How Leaders Shape Company Culture

The term “culture” has become something of a buzzword in the world of business. Many corporations and large companies like to talk about how they have “strong” or “innovative” and “modern” cultures, but what does this mean, exactly? An organization’s culture, personally, is defined by how the people within this organization behave and interact with one another. This includes management, mid-level management, team leaders and the people at the very bottom of the organizational hierarchy.

Culture is something of a learned behavior and the people at the very top have a huge role to play in the shaping and development of a company’s culture. Culture is not a mere by-product of a company’s operations; a company’s culture is created by the actions taken by the people at the very top, not the people at the bottom.

The very best way that a culture can be shaped and reinforced is from the top-down, with management who lead by example through their behavior and by taking actions which promote the interests of the company. It is all too easy to think that creating a culture is about the behavior of your lower-level employees alone, but it is not. Culture begins to change when leaders start to emulate the behaviors they want reflected in their companies.

1. Culture Drives Results

The primary reason upper-management and executives like to talk about culture so much is because it drives results. When CEOs want to take an approach to their business which is driven by value, the most important aspect of achieving this is by putting culture first. A strong, positive corporate culture contributes to a company which is more sustainable, successful and profitable. This is why companies are so keen to invest lots of time, effort and money to promoting their culture and developing it from within. Culture is more than just a mere buzzword, it is an actionable and measurable indicator of success.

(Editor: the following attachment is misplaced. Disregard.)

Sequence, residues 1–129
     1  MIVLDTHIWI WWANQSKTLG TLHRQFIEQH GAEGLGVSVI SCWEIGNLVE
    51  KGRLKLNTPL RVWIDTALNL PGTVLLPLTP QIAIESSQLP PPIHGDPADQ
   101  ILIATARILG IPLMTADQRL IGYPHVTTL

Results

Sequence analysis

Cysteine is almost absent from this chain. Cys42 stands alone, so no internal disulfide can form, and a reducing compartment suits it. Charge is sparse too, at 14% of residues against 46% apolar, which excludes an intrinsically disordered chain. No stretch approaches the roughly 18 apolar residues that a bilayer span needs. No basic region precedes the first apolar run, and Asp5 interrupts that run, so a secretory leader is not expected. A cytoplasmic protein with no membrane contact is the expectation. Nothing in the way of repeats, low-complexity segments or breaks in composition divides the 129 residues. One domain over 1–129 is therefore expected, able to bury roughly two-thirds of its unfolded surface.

If you are an upper-management executive who is interested in learning more about developing company culture, you may want to read this L&D Report on which could benchmark your strategy for workplace learning.

You can view the importance of culture by considering it from the perspective of a smaller business. In a very small business, it is the character and personality of the company’s owner which defines its culture and how it is perceived as an organization. As companies begin to grow and expand, culture can either fade or take on a life of its own.